LOS ANGELES (Reuters) - The final epilogue to the tumultuous writers strike has been written, but Hollywood is bracing for a possible sequel to the costly walkout -- this one starring film and television actors.
While the TV industry has rushed to bring derailed shows back on the air since screenwriters returned to work three weeks ago, the threat of renewed labor unrest by actors in the months ahead has put movie studios in a tenuous situation.
Filmmakers are reluctant to launch any production that cannot be completed before the expiration of the Screen Actors Guild’s major film and TV contract on June 30 -- a date being treated as the union’s de facto strike deadline.
Assuming a typical 60-day movie shoot, plus extra time for days off, possible overruns and re-shoots that might be necessary, that means few if any big-studio movies will start filming after the end of this month, industry experts say.
“The studios for the most part are not greenlighting any movies that would have to be in production after that (June 30) deadline,” said an insider at one leading talent agency who was not authorized to speak publicly about client issues.
Labor jitters have even prompted Hollywood’s leading insurance carrier, Fireman’s Fund Insurance Co, to offer a first-of-its-kind “strike expense” policy for studios.
The policy covers the costs of a strike-related production shutdown in the event that an actor’s illness, equipment damage or other unexpected loss pushes the shooting schedule of a movie past SAG’s June 30 contract deadline.
To qualify, a film must be scheduled to finish shooting by June 15 and already be covered by a so-called completion bond, which insures a movie’s financial backers against the cost of failing to finish a picture on time and on budget.
SAG itself sought on Tuesday to assist smaller, independent producers having trouble getting bonded by offering special waivers that permit them to employ union actors in the event of a strike. The producers in turn must accept the terms of any interim contract SAG may offer and any final settlement reached with the major studios, which are ineligible for a waiver.
SAG already has signed several producers to one of its “guaranteed completion contracts,” and several more applications are pending, union sources said.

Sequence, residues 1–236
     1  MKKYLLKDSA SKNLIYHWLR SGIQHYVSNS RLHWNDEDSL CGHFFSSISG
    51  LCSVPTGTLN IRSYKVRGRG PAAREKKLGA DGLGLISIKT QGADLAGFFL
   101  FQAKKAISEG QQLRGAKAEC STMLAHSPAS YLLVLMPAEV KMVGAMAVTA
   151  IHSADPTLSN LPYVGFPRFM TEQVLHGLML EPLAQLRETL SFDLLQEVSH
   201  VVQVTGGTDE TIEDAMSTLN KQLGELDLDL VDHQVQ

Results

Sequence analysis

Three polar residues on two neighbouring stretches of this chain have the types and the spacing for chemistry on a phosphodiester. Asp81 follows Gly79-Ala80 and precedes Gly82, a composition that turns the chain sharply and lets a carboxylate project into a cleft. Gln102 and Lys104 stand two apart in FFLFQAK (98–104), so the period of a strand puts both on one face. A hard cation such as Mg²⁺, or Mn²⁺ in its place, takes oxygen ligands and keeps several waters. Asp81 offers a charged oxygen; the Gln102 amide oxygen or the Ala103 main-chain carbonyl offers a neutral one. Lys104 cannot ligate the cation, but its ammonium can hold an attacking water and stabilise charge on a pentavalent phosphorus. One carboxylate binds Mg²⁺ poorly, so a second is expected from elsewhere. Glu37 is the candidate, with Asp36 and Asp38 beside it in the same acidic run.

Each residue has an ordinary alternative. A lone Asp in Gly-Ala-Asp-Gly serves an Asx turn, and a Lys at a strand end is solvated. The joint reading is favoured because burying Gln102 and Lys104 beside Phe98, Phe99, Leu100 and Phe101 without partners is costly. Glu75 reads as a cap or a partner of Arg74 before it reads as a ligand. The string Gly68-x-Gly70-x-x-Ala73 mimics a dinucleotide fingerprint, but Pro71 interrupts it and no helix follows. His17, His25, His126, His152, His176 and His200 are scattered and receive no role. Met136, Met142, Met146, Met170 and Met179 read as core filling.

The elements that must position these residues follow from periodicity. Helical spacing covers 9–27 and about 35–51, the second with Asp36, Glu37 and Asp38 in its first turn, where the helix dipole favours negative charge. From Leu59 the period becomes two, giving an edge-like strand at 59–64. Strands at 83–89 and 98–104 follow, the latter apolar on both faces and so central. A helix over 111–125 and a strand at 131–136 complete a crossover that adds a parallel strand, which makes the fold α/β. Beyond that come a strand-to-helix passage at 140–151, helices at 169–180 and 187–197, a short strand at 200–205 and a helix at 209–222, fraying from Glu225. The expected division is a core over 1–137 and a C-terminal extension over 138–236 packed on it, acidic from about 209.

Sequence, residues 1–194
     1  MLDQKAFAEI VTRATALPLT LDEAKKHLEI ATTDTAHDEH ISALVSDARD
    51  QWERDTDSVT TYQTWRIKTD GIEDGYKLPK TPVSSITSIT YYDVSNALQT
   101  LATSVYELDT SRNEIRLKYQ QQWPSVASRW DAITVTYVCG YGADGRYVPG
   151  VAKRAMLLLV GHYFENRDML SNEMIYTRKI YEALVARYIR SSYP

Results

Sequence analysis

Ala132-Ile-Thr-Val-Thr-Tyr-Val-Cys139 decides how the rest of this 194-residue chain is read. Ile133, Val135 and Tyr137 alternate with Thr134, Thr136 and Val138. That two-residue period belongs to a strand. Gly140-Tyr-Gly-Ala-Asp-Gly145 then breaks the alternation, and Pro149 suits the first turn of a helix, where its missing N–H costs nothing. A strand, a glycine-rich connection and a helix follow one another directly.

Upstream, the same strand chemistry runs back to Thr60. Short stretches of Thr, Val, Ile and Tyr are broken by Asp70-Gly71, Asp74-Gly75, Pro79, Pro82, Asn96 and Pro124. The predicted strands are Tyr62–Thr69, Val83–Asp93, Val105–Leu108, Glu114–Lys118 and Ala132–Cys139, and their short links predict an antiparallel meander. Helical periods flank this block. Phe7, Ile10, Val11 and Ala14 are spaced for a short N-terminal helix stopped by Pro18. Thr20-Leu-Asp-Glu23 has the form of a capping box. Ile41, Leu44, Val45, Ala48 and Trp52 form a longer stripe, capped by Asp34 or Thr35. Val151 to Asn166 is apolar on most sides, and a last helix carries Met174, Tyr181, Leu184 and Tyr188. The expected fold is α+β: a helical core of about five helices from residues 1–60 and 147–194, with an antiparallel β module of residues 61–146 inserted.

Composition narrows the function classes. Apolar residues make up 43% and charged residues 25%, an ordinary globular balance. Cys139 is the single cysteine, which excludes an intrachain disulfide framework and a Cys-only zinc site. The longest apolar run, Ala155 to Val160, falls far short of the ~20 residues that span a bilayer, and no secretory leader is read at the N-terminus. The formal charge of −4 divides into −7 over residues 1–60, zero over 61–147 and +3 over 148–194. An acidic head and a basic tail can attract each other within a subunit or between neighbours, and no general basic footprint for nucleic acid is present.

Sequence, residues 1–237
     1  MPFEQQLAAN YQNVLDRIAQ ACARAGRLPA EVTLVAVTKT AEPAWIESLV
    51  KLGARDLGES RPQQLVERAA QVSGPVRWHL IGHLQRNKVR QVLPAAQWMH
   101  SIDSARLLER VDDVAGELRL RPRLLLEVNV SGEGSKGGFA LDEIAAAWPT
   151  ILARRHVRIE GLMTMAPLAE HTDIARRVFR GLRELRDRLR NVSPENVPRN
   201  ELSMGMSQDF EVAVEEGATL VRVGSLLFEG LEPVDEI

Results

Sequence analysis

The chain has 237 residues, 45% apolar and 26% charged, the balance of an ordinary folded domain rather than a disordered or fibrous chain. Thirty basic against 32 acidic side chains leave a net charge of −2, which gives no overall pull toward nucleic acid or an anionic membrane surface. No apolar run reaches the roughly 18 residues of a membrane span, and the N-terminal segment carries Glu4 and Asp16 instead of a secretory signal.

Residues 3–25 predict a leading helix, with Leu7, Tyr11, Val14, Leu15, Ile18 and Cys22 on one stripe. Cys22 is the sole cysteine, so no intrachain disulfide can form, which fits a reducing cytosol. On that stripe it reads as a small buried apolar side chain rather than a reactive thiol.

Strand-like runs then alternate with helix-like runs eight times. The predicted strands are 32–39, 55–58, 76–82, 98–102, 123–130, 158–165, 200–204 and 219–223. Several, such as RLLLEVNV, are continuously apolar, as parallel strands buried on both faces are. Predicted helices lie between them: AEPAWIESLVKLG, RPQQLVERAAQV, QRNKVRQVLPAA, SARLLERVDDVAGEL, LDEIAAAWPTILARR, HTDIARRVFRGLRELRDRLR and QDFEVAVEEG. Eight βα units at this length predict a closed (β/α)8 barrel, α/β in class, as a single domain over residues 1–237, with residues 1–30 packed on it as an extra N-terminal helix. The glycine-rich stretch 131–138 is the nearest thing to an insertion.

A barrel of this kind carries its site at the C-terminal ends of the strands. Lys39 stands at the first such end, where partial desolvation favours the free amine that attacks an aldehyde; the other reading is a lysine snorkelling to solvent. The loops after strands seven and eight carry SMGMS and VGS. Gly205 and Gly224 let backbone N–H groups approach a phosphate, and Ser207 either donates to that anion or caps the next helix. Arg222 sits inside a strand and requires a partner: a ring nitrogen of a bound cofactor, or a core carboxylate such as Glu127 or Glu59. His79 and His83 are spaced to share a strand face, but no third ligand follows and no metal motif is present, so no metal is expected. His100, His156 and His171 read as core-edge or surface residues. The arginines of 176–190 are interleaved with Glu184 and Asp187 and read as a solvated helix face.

Nerves are still raw from a 14-week strike by 10,500 writers that shut down much of the television industry and derailed numerous film projects, idling thousands of production workers and costing the local economy some $3 billion.
The walkout ended February 12 after the two sides reached agreement on a deal giving writers more money for work distributed over the Internet. The contract was formally ratified by the Writers Guild of America membership last week.
The Screen Actors Guild shares many of the same contract demands. But SAG also faces issues unique to its 120,000 members, such as forced commercial endorsements through product placement in TV shows and movies.
Many in Hollywood believe strike fatigue is running too high for another work stoppage to materialize. But with tens of millions of dollars at stake when a film production is disrupted, movie studios are playing it safe. Some of the industry’s biggest names are caught up in the uncertainty.
Steven Spielberg has called off the April start to a DreamWorks film about the trial of the 1968 anti-war activists, the Chicago Seven, according to Daily Variety newspaper
Michael Bay, director of the 2007 summer action blockbuster “Transformers,” is keeping his fingers crossed as he and DreamWorks stick to an early June start date for a sequel to the movie.
“If there is a strike, we shut down. But shutting down isn’t that big a deal,” Bay told Variety, explaining that he hoped to mitigate the cost of a potential disruption by working out special deals in advance with equipment vendors and sound stages where he would shoot.
Independent producers who rely on third-party financing lack such flexibility because investors require completion bonds, which insurance companies are unwilling to issue for any film that cannot be finished by June 15.
SAG’s offer of guaranteed completion contracts is designed to help independent filmmakers overcome that hurdle.
Meanwhile, SAG leaders have come under mounting pressure to open contract talks with the major studios as soon as possible, leading to tensions between the guild and its sister union, the American Federation of Television and Radio Artists (AFTRA).
SAG President Alan Rosenberg, who campaigned on a promise to take an aggressive stance at the bargaining table, has insisted the guild will not be ready to begin official talks before early April.
Some leaders of AFTRA and SAG’s New York wing have agitated for talks to begin sooner, as have several high-profile actors, including George Clooney and Tom Hanks, who met with Rosenberg over dinner last month. They and other stars also took out full-page ads in Hollywood trade papers calling for immediate negotiations.
And over 1,000 SAG members recently presented Rosenberg with a petition urging the union to limit any voting on a new contract or strike authorization to those members who have worked a specified number of days during the past six years.
Rosenberg said he opposes the idea but would take it to SAG’s governing board at its next meeting in April.
Rosenberg and SAG executive director Doug Allen recently suggested that informal talks like those that led to contracts with the WGA and the Directors Guild of America, were already under way. “We will certainly continue to meet with the CEOs of the major networks and studios as we prepare for formal negotiations,” they wrote in a February 28 memo to members.